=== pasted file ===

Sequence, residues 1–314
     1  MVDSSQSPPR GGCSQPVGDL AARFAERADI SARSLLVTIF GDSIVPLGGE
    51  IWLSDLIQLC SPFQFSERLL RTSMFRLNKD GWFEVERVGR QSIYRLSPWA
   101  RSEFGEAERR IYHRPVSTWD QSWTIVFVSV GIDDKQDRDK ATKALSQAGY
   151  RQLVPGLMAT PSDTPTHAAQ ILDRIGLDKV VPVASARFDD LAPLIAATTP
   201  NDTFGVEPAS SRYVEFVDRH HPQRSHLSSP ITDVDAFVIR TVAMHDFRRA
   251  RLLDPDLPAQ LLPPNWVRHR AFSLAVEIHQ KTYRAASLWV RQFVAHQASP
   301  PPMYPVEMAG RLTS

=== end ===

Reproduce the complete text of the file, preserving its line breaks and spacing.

Sequence, residues 1–314
     1  MVDSSQSPPR GGCSQPVGDL AARFAERADI SARSLLVTIF GDSIVPLGGE
    51  IWLSDLIQLC SPFQFSERLL RTSMFRLNKD GWFEVERVGR QSIYRLSPWA
   101  RSEFGEAERR IYHRPVSTWD QSWTIVFVSV GIDDKQDRDK ATKALSQAGY
   151  RQLVPGLMAT PSDTPTHAAQ ILDRIGLDKV VPVASARFDD LAPLIAATTP
   201  NDTFGVEPAS SRYVEFVDRH HPQRSHLSSP ITDVDAFVIR TVAMHDFRRA
   251  RLLDPDLPAQ LLPPNWVRHR AFSLAVEIHQ KTYRAASLWV RQFVAHQASP
   301  PPMYPVEMAG RLTS